The book titled `Bangabandhu’s Education Philosophy’ authored by Dr. D.M. Firoz Shah has come out from Agami Prokashoni that accommodates Bangabandhu’s Education Philosophy in the first chapter, the multiple aspects of Bangabandhu’s education philosophy in the second chapter, in the third the initiative taken by Bangabandhu for the development of education in independent Bangladesh and the last chapter the speeches of Bangabandhu and the application of education philosophy in its 312 pages.
Thirty-eight essays on education and one poem related to education and another five essays of Bangabandhu where he pays tribute to Hussain Shahid Shawrawardy and Tofazzal Hossain Manik Mia have enriched this moderate volume book where the author has planted the education philosophy and information of Bangabandhu that he collected after ransacking every source of information considering ‘Karagarer Rojnamcha’ (everyday life in the goal) as a strong base of information along with Bangabandhu’s different public speeches he made in different times and different occasions. How a visionary leader like Bangabandhu implemented a constitution, established an education commission headed by Dr. Kudrate-E-Khuda, nationalized primary education, founded Islamic Foundation, declared university’s autonomy within his short tenure of merely three years, seven and a half months really talk about his deep concern and intense attraction for education.
The author has sucked up the educational elements from his eventful career and presented them before the readers. Bangabandhu perceived the truth that without education, the war-torn nation would not go ahead. This honest thought impelled him to establish an education commission, nationalize primary education, and form the university grants commission, unleashing its freedom and autonomy.
The globally acclaimed and world-famous speech of Bangabandhu that came out on 07 March 1971 mirrored the life philosophy and education when he uttered, ‘Today the people of Bengal want freedom, they want to remain alive and establish their rights.’ Through his book Bangabandhu’s Education Philosophy (18 March 2017), Dr. Anu Muhammadhas identified132 areas that directly talk about education with the initial one `there lies no alternative to employing capital for education to establish a sustainable society.’
Our only similarity with the Pakistanis is religion, still, people’s observing religious rituals see the difference. Geography, food habit, dress, socialization and conduct and behavior of Bangladesh prove different from the Pakistanis. Bangabandhu wanted education suitable for this country, its culture and health that stands as the best example of his education philosophy. The basic principle of education and its philosophy is to do good for all sorts of animals. To ensure adequate and better living for humans, along with other animals, is education. Knowing thyself is another principle of education that Bangabandhu proved in his life by making self-evaluation since his boyhood serves as an excellent example for us. He expressed his own opinions and desire and begged pardon if any mistake occurs that exposes his generous heart.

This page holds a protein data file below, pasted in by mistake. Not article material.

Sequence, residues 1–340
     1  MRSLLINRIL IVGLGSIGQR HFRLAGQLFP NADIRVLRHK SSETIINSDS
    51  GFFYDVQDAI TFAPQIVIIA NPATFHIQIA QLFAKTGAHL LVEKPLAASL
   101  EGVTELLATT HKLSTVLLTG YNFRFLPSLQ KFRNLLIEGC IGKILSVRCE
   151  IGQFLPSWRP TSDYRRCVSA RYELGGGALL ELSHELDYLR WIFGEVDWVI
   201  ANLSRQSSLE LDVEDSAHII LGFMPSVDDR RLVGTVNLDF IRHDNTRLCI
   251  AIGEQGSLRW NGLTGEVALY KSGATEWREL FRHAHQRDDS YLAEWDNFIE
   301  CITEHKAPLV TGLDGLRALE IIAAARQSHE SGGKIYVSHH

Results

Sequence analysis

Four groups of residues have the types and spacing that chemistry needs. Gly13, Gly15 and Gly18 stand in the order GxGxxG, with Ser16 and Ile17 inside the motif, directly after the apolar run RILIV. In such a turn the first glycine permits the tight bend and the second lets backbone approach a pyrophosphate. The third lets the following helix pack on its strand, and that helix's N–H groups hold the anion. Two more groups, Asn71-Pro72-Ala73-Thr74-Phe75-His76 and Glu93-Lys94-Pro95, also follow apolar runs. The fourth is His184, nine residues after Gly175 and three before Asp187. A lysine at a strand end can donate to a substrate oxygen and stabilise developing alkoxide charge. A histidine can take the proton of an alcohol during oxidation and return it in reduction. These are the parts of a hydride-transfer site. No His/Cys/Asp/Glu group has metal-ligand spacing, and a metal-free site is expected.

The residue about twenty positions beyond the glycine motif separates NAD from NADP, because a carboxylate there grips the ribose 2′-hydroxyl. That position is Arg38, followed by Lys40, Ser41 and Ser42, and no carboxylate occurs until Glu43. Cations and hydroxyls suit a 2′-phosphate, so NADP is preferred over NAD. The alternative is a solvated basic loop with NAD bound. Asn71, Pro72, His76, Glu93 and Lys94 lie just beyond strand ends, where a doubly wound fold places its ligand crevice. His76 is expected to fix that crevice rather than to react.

The real and practical reflection of Bangabandhu’s education philosophy lies in Dr. Kudrat-E-Khuda Education Commission’s report. His mixing and talking with people of all levels gave him ample opportunity to learn what education people truly needed and accordingly he directed and set the education commission that was formed by government order on 26 July 1972 and famous scientist Dr. Kudrat-E-Khuda was made its chief and the commission submitted its report on 30 May in 1974 where they announced and acknowledged the constant and sincere guidance Bangabandhu extended to develop the report and without his direction, it would have been really difficult to make it happen.
Without his assistance, encouragement and interest, it would not have been really possible. Thus, the commission expressed its debt to Prime Minister Sheikh Mujibur Rahman. The culture of disrespect dishonor we experience in every nook and corner of society. But Bangabandhu used to respect people irrespective of their position and status. He used to appreciate even a little thing. One incident tells us that an inmate of jail gave him two pieces of lemons that received immense praise from Bangabandhu and the typical inmate of the jail worshiped him as a great man. His enemies and opponents also experienced soft and kind behavior from him. He used to appreciate all whenever any opportunity emerged. He used to judge people learning their hearts, not the external beauty of the body. All this bear testimony to his philosophy of education.
A great leader like Sheikh Mujibur Rahman gathered knowledge from the meeting, mixing with people of all levels, slogans, environments and situations, his source of acquiring knowledge was books as well. As an avid reader, he read books of multiple areas to learn the opinions, history and drink the juice of literature. This habit convinced him to keep some books as his constant companions.